Boeing 
  ServiceNow 
  Stryker 
  Lam Research 
  Anthem 
  Shin-Etsu Chemical Co. 
  Blackstone 
  Automatic Data Processing Inc. 
  Crown Castle 
  Norfolk Southern Corp. 
  Edward Lifesciences Corp. 
  FANUC CORPORATION 
  MediaTek 
  Lonza AG 
  CPR 
  General Dynamics 
  TE Connectivity Ltd 
  Las Vegas Sands Corp. 
  Amphenol Corp. 
  ITC Ltd. 
  Xilinx Inc. 
  V.F Corp 
  Corning Inc. 
  Axis Bank 
  Ameriprise Financial Inc. 
  Hormel Foods Corp. 
  Teradyne 
  Nasdaq Inc. 
  Nomura Research Institute 
  Essity AB 
  Cheil Industries 
  MarketAxess Holdings 
  Hologic 
  Omron  
  United Rentals 
  Rollins Inc. 
  PTC Inc 
  Duke Realty 
  Teledyne Technologies 
  Raymond James Financial 
  Cree Inc. 
  Packaging Corp. of America 
  Whirlpool 
  Textron 
  MKS Instruments 
  Hess Corp. 
   
Thu 28 Jan  Samsung 
  Mastercard 
  Comcast 
  Danaher 
  McDonald’s 
  Diageo 
  Mondelez 
  Altria 
  Sherwin-Williams 
  Air Products & Chemicals 
  Atlassian 
  Northrop Grumman 
  HOYA 
  Dow 
  Walgreens Boots Alliance 
  T. Rowe 
  Xcel Energy 
  ResMed 
  Fujitsu 
  Hyundai 
  Stanley Black & Decker 
  Southwest Airlines 
  Skyworks Solutions 
  McCormick & Co. 
  Rogers Communications 
  Arthur J. Gallagher & Co. 
  Canon 
  UPM-Kymmene 
  Dover Corp. 
  Advantest 
  Nucor 
  Western Digital 
  Celanese Corp. 
  NVR Inc. 
  Principal 
  Eastman 
  PulteGroup 
  WestRock Co. 
   
Fri 29 Jan  Eli Lilly 
  SAP 
  Honeywell 
  Keyence 
  Charter Communications 
  Caterpillar 
  SK Hynix 
  Colgate-Palmolive 
  M3 
  Atlas Copco 
  Ericsson 
  Johnson Controls 
  H&M 
  Phillips 66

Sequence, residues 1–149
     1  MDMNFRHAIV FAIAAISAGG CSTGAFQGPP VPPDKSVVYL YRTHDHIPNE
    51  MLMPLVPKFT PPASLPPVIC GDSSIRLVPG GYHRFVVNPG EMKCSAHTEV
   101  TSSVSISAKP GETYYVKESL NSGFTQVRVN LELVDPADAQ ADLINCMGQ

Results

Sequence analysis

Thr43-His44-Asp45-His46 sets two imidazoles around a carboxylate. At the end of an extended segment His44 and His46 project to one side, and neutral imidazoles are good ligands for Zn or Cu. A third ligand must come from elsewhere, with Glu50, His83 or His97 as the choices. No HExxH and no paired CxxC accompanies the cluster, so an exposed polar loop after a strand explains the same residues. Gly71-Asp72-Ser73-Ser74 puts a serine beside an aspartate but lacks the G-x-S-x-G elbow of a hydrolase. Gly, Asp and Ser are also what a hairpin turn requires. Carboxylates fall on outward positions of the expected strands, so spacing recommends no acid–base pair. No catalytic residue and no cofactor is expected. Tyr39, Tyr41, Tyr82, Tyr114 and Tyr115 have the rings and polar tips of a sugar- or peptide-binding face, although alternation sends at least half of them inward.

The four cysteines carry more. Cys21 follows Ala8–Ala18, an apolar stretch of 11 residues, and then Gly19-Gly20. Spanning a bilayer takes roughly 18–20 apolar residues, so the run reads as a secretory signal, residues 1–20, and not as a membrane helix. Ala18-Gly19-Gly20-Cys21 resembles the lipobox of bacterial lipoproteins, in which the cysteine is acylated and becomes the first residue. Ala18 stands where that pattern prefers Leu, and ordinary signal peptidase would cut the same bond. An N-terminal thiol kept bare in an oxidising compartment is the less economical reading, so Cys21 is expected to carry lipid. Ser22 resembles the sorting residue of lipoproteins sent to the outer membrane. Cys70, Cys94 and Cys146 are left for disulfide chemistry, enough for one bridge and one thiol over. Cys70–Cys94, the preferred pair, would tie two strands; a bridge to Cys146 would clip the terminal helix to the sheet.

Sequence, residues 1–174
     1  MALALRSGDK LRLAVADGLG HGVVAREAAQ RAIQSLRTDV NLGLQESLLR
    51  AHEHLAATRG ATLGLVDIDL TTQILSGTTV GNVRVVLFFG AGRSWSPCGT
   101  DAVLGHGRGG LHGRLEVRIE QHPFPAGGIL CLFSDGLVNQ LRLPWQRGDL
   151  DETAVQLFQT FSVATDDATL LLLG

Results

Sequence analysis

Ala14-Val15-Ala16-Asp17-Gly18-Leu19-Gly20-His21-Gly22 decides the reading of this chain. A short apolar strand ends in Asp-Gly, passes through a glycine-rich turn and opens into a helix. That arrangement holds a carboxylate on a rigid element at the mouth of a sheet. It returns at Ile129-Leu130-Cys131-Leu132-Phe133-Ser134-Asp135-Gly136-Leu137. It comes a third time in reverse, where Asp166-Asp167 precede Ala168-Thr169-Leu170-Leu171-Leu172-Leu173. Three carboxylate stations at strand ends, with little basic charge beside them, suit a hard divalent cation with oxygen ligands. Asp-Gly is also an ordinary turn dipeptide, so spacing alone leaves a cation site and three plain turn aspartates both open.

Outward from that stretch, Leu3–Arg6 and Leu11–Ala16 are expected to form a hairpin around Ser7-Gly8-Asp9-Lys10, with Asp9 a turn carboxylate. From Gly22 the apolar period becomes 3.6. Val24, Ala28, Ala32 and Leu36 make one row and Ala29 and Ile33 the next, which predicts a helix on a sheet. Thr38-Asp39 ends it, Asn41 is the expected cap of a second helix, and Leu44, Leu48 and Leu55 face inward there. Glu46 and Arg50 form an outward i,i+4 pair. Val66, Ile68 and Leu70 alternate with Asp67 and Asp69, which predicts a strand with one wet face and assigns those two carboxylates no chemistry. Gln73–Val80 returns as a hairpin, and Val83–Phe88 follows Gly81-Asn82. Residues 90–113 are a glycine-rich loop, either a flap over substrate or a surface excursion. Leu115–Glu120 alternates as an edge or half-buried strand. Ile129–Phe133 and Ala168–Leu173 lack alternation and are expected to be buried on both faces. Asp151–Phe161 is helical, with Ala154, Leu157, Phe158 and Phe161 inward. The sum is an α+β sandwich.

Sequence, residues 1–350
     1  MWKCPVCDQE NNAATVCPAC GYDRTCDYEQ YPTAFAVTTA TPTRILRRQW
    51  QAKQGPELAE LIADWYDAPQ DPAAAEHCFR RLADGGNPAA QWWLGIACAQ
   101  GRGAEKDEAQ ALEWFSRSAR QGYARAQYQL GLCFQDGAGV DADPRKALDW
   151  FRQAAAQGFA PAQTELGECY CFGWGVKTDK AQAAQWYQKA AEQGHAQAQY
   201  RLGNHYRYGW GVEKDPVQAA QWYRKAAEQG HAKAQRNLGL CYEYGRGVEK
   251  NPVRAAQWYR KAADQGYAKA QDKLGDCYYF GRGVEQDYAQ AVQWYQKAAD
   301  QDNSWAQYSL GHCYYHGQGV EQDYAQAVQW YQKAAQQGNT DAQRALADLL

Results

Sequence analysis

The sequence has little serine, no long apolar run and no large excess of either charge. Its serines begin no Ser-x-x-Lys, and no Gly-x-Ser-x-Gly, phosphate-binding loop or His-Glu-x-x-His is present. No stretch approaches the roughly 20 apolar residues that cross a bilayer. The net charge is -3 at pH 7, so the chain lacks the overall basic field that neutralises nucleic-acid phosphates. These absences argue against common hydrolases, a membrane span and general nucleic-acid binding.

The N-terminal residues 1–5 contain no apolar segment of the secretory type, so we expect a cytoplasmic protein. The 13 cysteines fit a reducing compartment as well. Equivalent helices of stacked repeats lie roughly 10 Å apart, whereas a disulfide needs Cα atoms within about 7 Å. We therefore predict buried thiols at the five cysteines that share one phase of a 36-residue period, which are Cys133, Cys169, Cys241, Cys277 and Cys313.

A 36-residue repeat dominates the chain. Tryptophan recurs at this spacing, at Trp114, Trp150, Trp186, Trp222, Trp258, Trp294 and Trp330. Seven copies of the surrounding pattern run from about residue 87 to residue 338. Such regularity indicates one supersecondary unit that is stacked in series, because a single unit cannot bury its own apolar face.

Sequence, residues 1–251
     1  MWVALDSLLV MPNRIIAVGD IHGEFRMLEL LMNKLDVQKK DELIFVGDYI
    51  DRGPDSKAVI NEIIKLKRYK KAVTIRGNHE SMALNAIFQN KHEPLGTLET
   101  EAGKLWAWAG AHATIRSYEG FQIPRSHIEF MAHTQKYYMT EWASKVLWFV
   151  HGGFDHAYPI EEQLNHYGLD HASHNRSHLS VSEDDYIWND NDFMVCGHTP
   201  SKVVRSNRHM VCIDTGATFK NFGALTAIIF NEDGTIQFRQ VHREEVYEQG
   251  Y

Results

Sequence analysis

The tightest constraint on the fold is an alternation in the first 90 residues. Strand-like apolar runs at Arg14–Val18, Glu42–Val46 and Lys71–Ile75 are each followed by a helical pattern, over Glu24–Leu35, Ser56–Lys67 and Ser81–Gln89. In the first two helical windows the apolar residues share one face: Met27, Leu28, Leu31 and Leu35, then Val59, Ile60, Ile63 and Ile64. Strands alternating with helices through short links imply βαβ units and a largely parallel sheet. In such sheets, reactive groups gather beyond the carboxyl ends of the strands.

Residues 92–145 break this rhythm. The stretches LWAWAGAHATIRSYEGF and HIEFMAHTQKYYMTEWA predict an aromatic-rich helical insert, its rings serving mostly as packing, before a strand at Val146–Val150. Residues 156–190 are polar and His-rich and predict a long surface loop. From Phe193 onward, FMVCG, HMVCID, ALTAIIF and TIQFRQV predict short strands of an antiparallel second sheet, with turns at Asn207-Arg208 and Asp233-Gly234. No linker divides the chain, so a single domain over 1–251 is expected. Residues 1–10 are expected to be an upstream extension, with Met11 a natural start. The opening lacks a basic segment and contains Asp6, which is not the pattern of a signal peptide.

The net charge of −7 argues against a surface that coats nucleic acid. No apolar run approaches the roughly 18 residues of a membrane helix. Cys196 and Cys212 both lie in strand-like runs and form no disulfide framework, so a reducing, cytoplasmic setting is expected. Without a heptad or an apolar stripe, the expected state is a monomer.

BBVA 
  Simon Property Group 
  Astellas Pharmacy 
  Simens Gamsea 
  Komatsu 
  LyondellBasell 
  WeyerHauser 
  LG Electronics 
  Synchrony Financial 
  Church & Dwight Co. 
  Sun Pharmaceutical 
  SG Holdings 
  Telia 
  CAIXABANK 
  NEC 
  Svenska Cellulosa AB 
  Booz Allen Hamilton 

 

 

 

Coronavirus outbreaks leave stocks stuck in their ranges

Morning Note

Virus outbreaks in the US continue to weigh on the mood, as it suggests the run-up in stocks on hopes of a V-shaped economic recovery may be overly optimistic. Several states, mainly in the south, have been forced to re-impose lockdown restrictions after being the first to reopen. Dr Fauci described it as a ‘serious problem’. The dangers of reopening too quickly seem all too apparent, but investors are also keeping an eye on outbreaks in Tokyo, Australia and China.

European equities were a touch softer but trading near the flatline on Monday morning, with a general lack of direction about today’s trade. Major indices tracking around the middle of their June ranges after Asian equities fell. US equities were lower Friday and finished down for the week but, as the month ends, stocks have enjoyed a very strong quarter.

The FTSE 100 is up over 8% quarter-to-date, while the S&P 500 has rallied over 16% in Q2 and the DAX has surged 21%. Valuations remain the concern as we head into earnings season with the S&P 500 still trading at more than 22x on a forward basis.

Coming up this week – Powell testimony, US nonfarm payrolls

Of course stocks haven’t only rallied because of reopening economies – enormous liquidity thanks to the coordinated action of central banks has been key. Central bankers have been striking similar notes in terms of the response to the crisis and Jerome Powell, the Federal Reserve chairman, will testify in Congress again this week. The Fed’s rather downbeat assessment of the economic recovery helped to stop the rally in its tracks and since then indices have been trading ranges.

The US jobs report – on Thursday this week due to the July 4th holiday – will provide an important view on the pace of recovery, but we should note that the weekly unemployment claims numbers are proving a more sensitive and up-to-date barometer, not least since there are problems with the data gathering for the monthly nonfarms report.

Facebook shares tumble on ad boycott, but how long can brands stay away?

Facebook shares tumbled more than 8% on Friday as a growing number of companies join a boycott of the platform over hate speech. We saw how a boycott of Facebook by users failed to move the needle on earnings, but this time it’s different – it’s the big brands that pay the big bucks and the loss of Unilever, Starbucks, Coca-Cola, Levi’s and Diageo among others will create a headwind to revenue growth in the coming quarter.